• $\begingroup$ The cathode creates a stream of electrons generated by a high bias voltage and a low work function material to blast the working fluid to ions in the circular channel (which is why it glows). For krypton, you need much more energetic electrons than you would for xenon. This significantly increases the erosion rate, which will shorten the life of the thruster. I recommend "Fundamentals of Electric Propulsion: Ion and Hall Thrusters" by Dan M. Goebel and Ira Katz. It's the textbook I worked from, and you can download it for free from NASA. It does a pretty good job of explaining the trades. $\endgroup$ – RocketDocRyan May 18 at 5:19
  • $\begingroup$ I also apologize for being only somewhat coherent. I'm on mobile, and it's been a really long week. $\endgroup$ – RocketDocRyan May 18 at 5:35
  • $\begingroup$ I've made an edit based on comments. It's the first time I've actually looked at a diagram about Hall effect thrusters! Feel free to modify further or roll back. $\endgroup$ – uhoh May 19 at 11:38
  • $\begingroup$ I was planning to make some edits on Monday when I get some downtime. Yours look great, though. These things have a lot going on, so it's really hard to sum them up succinctly. Everything affects everything else, so it's hard to contain the effects of a single change. $\endgroup$ – RocketDocRyan May 19 at 13:26
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Higher power required for same thrust efficiency

Confirming @ RocketDocRyan's answer higher power is required for the same thrust efficiency for krypton than for xenon.

Higher erosion rate

Erosion rate might be a secondary specification that is worse (faster) for krypton than for xenon.

According to Wikipedia's Starlink (satellite constellation); Satellite hardware:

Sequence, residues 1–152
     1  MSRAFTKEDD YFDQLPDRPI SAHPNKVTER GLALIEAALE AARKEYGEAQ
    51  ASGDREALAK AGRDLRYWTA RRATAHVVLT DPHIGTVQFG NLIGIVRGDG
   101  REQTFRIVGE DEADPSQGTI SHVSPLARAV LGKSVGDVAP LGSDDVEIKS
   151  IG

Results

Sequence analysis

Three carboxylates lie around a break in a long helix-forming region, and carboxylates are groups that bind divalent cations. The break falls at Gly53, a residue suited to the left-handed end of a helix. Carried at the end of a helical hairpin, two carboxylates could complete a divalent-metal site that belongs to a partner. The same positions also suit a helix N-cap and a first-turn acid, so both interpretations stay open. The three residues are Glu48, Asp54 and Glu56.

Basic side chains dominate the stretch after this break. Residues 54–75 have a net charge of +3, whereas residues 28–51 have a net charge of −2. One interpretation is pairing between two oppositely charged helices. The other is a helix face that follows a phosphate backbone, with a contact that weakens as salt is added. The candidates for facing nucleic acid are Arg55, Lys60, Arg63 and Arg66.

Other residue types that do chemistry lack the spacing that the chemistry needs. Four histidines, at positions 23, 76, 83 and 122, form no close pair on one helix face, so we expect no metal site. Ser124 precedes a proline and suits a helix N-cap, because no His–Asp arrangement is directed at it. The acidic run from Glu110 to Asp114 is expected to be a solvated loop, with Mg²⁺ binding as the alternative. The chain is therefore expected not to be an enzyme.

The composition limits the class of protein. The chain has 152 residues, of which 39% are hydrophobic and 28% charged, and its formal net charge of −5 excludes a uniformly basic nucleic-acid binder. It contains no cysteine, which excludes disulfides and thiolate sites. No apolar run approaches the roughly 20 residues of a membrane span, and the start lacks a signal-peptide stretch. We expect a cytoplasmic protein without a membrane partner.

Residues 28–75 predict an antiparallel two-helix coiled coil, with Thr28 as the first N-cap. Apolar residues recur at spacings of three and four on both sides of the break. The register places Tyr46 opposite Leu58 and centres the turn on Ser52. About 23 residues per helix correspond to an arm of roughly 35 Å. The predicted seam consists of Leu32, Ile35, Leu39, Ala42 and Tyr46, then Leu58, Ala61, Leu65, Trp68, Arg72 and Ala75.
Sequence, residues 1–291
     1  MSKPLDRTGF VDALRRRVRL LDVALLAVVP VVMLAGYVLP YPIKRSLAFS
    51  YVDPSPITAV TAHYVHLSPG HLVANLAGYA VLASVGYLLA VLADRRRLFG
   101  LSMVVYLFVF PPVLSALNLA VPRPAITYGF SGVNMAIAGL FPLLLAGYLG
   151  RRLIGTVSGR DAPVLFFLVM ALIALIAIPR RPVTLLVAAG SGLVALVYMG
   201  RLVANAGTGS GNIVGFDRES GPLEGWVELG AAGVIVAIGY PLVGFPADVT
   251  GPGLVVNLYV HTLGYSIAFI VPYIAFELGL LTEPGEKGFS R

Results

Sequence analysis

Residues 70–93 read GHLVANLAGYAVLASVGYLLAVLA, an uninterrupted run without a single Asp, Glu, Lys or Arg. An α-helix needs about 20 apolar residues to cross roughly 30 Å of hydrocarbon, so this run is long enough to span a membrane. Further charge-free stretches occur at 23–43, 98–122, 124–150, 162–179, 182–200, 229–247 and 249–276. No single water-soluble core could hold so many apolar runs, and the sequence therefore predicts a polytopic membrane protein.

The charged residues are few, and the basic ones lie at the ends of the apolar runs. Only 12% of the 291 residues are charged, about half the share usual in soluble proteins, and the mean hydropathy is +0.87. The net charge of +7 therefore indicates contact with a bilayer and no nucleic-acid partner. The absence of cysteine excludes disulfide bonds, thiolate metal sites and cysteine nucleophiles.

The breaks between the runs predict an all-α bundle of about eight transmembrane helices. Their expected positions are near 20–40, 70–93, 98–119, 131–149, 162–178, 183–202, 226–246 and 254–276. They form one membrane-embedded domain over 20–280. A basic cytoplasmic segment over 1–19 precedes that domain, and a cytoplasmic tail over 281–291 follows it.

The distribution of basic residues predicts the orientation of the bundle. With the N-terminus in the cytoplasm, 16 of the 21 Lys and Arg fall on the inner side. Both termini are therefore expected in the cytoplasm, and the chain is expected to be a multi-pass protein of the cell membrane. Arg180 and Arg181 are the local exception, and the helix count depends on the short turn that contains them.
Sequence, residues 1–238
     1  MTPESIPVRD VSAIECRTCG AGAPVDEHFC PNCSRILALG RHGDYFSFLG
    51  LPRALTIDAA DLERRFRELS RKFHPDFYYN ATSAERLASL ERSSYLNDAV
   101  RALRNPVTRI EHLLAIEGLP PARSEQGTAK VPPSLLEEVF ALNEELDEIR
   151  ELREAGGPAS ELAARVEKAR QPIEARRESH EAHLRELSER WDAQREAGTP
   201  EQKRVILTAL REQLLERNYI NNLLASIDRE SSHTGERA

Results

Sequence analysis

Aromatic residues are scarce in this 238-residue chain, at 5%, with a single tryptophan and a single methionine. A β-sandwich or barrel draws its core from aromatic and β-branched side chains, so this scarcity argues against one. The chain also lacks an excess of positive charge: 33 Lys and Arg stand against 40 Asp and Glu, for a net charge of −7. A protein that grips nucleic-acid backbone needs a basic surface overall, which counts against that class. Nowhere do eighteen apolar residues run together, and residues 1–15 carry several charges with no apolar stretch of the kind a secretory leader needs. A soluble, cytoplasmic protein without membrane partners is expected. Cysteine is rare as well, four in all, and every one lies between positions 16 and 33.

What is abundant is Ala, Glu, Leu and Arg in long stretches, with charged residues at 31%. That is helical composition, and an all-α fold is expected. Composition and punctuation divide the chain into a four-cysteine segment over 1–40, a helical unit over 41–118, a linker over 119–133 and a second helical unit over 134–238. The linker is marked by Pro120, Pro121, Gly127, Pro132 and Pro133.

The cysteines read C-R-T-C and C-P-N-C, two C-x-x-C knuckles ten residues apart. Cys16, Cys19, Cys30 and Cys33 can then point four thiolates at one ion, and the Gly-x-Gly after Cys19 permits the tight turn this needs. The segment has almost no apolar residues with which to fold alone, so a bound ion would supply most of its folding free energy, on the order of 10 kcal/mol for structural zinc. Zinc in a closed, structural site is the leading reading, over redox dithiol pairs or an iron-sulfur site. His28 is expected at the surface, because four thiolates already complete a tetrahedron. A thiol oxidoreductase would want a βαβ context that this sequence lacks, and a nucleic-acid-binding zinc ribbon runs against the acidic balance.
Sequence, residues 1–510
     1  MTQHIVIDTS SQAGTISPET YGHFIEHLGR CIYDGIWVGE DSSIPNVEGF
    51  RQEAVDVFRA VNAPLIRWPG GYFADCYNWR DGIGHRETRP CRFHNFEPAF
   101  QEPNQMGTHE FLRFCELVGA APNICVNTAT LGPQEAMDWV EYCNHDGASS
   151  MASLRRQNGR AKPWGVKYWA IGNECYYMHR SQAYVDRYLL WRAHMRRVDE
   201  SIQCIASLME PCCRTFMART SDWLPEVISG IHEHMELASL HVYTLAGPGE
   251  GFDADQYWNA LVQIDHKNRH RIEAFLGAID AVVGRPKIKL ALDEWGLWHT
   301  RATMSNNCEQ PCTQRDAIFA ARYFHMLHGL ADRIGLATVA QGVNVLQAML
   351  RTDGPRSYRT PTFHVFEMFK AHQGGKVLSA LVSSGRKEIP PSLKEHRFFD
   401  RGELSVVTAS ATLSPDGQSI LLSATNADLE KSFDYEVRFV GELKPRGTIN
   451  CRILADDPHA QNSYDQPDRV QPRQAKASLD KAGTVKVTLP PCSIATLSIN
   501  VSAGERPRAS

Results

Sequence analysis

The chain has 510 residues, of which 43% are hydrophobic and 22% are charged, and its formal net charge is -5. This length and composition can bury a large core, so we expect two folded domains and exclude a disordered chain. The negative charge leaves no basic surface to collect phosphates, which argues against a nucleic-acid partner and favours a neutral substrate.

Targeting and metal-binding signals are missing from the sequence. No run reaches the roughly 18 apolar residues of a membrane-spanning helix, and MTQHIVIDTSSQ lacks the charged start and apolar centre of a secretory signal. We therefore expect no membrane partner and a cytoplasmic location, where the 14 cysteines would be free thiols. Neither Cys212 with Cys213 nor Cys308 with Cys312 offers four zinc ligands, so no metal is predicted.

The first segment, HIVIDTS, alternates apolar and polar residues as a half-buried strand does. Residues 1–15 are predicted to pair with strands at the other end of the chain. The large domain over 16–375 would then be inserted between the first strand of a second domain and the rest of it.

Starlink satellites use Hall-effect thrusters with krypton gas as the reaction mass[44][64] for orbit raising and attitude control.65 Krypton Hall thrusters tend to exhibit significantly higher erosion of the flow channel compared to a similar electric propulsion system operated with xenon, but at a lower propellant cost.66

65 ESA artes: KHT - Krypton Hall Thrusters - Identification, Evaluation and Testing of Alternative Propellants for Electric Propulsion Systems

66 Teslarati: SpaceX’s Starlink satellite lawyers refute latest “flawed” OneWeb critique


From here:

Traditionally, xenon has always been the propellant of choice for EP applications due to the optimal compromise between performance and ease of handling. Although xenon has several technical advantages, its high price suffers of a remarkable fluctuation, posing serious budget concerns. To reduce propellant cost, a more economical alternative to xenon needs to be identified, while retaining thruster performance levels, without disregarding crucial system level considerations.

The KHT project plan focuses on an experimental campaign to test, with pure krypton and with different Kr-Xe blends, a 5 kW Hall-effect thruster, the Sitael-HT5k, designed to operate with xenon. Main objectives of the test campaign are: (i) characterisation of thruster performances and comparison with xenon as a benchmark; (ii) assessment of the erosion evolution of the channel walls; (iii) validation of a reduced order performance and erosion model; (iv) extrapolation of the effect of alternative propellants on lifetime and EOL performance; (v) assessment of system level implications related to the use of alternative propellants.

The HT-5k thruster unit showed a stable operation with the selected alternative propellants over a wide range of discharge voltages (250-600V) and powers (2-7 kW). The thruster was capable to reach high thrust efficiencies also with pure krypton. In general, with the transition from pure xenon to pure krypton the maximum of the thrust efficiency showed a shift towards higher power levels (4000-4500W for pure Xe; ~6500W for pure Kr). The thruster showed a stable discharge current trend with no issues of flame-out or overheating. Plume measurements indicated that beam divergence depends on the amount of krypton in the mixture: the higher the percentage of krypton, the larger the beam divergence. As expected, pure Kr and Kr blends showed to increase significantly the initial erosion rate of the ceramic channel.

xenon vs krypton Hall effect thruster erosion

xenon vs krypton Hall effect thruster erosion